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Jeroen van Boxtel, Nao Tsuchiya; Symposium Summary. Journal of Vision 2010;10(7):36. doi: 10.1167/10.7.36.
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Historically, the pervading assumption among sensory psychologists has been that attention and awareness are intimately linked, if not identical, processes. However, a number of recent authors have argued that these are two distinct processes, with different functions and underlying neuronal mechanisms. If this position were correct, we should be able to dissociate the effects of attention and awareness with some experimental manipulation. Furthermore, we might expect extreme cases of dissociation, such as when attention and awareness have opposing effects on some task performance and its underlying neuronal activity. In the last decade, a number of findings have been taken as support for the notion that attention and awareness are distinct cognitive processes. In our symposium, we will review some of these results and introduce psychophysical methods to manipulate top-down attention and awareness independently. Throughout the symposium, we showcase the successful application of these methods to human psychophysics, fMRI and EEG as well as monkey electrophysiology.
First, Nao Tsuchiya will set the stage for the symposium by offering a brief review of recent psychophysical studies that support the idea of awareness without attention as well as attention without awareness. After discussing some of the methodological limitations of these approaches, Jeroen VanBoxtel will show direct evidence that attention and awareness can result in opposite effects for the formation of afterimages. Takeo Watanabe's behavioral paradigm will demonstrate that subthreshold motion can be more distracting than suprathreshold motion. He will go on to show the neuronal substrate of this counter-intuitive finding with fMRI. Joel Voss will describe how perceptual recognition memory can occur without awareness following manipulations of attention, and how these effects result from changes in the fluency of neural processing in visual cortex measured by EEG. Finally, Alexander Maier will link these results in the humans studies to neuronal recordings in monkeys, where the attentional state and the visibility of a stimulus are manipulated independently in order to study the neuronal basis of each.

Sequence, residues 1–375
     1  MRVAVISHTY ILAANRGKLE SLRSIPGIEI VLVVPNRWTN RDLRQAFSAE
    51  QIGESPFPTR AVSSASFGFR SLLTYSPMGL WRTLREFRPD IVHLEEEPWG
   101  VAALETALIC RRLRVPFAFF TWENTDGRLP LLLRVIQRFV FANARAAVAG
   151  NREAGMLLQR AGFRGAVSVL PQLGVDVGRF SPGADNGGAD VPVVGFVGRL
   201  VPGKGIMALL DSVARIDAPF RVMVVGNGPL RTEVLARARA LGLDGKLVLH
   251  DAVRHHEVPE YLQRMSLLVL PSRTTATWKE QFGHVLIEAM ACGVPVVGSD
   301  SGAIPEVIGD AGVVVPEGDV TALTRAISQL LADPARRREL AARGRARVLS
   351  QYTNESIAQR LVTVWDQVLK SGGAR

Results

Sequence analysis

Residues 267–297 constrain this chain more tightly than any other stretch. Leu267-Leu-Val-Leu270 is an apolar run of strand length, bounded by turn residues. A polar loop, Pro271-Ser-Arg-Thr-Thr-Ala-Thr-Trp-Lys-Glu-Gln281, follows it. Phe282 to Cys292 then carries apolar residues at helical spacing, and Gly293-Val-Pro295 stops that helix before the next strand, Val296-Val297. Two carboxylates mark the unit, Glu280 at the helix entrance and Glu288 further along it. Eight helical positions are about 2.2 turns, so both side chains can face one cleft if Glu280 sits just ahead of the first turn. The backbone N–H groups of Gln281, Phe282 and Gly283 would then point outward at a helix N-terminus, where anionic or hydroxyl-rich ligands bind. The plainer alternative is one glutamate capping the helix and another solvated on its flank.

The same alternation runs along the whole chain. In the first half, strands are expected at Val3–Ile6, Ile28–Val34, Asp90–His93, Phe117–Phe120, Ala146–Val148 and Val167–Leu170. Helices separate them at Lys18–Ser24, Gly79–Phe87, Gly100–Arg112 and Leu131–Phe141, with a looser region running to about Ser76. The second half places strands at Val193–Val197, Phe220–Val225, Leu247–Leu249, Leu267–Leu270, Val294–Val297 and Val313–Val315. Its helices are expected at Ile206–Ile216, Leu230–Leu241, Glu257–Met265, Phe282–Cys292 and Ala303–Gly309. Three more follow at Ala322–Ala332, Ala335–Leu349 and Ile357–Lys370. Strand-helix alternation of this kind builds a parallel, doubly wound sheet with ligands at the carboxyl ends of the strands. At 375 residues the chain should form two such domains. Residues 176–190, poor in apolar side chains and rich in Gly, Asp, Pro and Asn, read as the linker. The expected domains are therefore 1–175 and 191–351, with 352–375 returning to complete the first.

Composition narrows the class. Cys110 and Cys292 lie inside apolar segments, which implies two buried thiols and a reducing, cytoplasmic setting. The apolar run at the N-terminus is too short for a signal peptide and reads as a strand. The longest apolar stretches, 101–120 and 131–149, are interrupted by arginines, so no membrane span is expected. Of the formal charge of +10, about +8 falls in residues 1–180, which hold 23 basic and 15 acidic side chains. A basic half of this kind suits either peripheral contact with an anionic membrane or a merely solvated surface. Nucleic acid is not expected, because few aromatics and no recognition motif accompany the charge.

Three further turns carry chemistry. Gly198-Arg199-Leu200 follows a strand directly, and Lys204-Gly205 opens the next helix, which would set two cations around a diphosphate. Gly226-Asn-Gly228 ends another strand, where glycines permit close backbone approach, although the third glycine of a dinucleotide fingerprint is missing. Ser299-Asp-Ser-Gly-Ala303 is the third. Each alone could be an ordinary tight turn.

A major theme of our symposium is that emerging evidence supports the notion that attention and awareness are two distinctive neuronal processes. Throughout the symposium, we will discuss how dissociative paradigms can lead to new progress in the quest for the neuronal processes underlying attention and awareness. We emphasize that it is important to separate out the effects of attention from the effects of awareness. Our symposium would benefit most vision scientists, interested in visual attention or visual awareness because the methodologies we discuss would inform them of paradigms that can dissociate attention from awareness. Given the novelty of these findings, our symposium will cover a terrain that remains largely untouched by the main program.
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